Vibrations can drive your watch and other small appliances more easily, as one researcher from the Kanazawa University in Japan has developed a possible replacement for button batteries. His device works on vibrations and could one day power even bigger stuff, if put in a serial configuration.
Toshiyuki Ueno’s generator has an energy density of about 22 mW/cm3, 20 times higher than the energy density of other vibration-driven generators, made with piezoelectric materials, which only feature 1 mW/cm3.
Ueno uses “Galfenol,” an alloy of iron and gallium with magnetostrictive properties. Just like piezoelectric materials react when stretched mechanically, magnetostrictive materials react when a certain magnetic field is applied to them, and change their shape in response to that. First used in 1998, magnetostrictive materials are only used for the first time in a vibration-driven generator.
Ueno has created his magnetostrictive structure to be small but to be able to generate large amounts of electricity. He used Galfenol’s ductility by fixing together two long and thin magnetostrictive elements, while he added weights to their other ends.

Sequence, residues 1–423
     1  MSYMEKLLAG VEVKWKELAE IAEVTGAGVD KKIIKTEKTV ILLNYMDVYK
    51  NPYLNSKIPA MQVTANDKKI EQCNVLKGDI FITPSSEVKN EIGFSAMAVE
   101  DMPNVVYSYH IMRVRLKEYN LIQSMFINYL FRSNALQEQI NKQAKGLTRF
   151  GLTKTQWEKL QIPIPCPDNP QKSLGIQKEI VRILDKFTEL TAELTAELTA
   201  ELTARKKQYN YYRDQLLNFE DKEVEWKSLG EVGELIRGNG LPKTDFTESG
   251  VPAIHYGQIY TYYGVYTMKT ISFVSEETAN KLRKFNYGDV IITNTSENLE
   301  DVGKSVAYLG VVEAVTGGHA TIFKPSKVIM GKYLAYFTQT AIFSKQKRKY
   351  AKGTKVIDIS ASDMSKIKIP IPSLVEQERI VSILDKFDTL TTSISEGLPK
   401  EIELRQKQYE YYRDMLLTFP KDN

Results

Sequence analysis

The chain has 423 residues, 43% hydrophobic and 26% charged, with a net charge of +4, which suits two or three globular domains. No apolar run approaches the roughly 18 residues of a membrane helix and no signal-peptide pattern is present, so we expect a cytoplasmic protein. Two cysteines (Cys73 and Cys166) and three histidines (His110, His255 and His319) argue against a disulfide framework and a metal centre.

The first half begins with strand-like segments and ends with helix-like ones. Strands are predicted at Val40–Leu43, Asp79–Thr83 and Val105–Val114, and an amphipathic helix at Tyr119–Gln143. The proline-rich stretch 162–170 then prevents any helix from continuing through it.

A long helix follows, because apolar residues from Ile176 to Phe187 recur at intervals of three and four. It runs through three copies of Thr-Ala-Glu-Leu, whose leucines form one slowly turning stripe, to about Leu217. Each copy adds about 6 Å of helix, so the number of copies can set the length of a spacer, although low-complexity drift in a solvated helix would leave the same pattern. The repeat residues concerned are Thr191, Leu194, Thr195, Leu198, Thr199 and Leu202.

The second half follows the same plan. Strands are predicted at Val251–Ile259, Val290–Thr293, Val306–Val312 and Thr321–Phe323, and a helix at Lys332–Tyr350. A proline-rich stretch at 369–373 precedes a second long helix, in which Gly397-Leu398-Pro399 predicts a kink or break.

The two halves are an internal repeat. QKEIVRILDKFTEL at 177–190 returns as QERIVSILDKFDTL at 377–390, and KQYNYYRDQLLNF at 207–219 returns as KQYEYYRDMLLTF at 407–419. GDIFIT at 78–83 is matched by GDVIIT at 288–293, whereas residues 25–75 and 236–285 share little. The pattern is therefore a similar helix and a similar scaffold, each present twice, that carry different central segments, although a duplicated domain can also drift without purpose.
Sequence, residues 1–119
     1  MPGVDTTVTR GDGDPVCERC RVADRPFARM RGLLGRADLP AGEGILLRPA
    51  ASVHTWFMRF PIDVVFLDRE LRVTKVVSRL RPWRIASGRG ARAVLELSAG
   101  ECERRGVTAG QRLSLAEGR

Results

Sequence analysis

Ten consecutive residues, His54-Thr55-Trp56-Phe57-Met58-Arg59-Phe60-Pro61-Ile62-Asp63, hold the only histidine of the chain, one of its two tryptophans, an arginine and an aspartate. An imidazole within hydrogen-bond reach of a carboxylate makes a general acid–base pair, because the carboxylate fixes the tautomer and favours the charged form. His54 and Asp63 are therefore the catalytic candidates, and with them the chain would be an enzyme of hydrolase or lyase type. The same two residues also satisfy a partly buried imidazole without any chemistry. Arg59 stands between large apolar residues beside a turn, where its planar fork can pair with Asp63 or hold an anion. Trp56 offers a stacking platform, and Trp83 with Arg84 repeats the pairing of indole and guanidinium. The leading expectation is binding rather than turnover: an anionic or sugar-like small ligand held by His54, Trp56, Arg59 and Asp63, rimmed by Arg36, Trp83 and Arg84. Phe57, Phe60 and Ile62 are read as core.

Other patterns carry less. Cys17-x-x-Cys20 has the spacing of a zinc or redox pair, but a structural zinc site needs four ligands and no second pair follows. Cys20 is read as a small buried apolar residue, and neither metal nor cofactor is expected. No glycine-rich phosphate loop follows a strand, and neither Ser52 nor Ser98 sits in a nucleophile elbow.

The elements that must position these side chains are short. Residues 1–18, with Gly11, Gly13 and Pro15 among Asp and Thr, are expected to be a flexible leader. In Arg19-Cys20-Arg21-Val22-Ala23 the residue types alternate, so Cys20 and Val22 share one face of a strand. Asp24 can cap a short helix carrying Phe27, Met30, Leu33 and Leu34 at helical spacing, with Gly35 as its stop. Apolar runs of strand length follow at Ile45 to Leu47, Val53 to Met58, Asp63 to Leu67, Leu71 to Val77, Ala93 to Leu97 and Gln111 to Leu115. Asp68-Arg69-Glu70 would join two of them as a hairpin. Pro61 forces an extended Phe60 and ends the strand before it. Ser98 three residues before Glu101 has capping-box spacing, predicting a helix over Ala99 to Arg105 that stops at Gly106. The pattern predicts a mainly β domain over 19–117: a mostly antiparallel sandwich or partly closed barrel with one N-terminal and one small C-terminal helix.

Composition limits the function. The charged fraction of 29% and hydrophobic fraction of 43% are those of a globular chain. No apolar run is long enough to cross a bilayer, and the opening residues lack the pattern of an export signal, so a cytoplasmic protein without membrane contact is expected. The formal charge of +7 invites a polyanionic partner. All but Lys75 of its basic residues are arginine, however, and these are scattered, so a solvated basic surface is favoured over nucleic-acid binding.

For electricity to come out of this contraption, he then only added coils around the elements for physical stress and hence magnetization to produce electric current, like in a classic alternator.
The researcher also said that Galfenol can be used in harsh environments, where changes are fast and temperatures can reach 700 degrees Celsius. “Because Galfenol is a ductile material, even the thin rod-shaped structure does not easily break,” he said.
Because of its resistance to physical stress and high temperatures, Galfenol-based generators could be used in the pavement of electricity-generating highways, that could recover the otherwise destructive vibrations produced by cars and transform them into something useful, such as lighting the billboards or even producing electricity for the grid.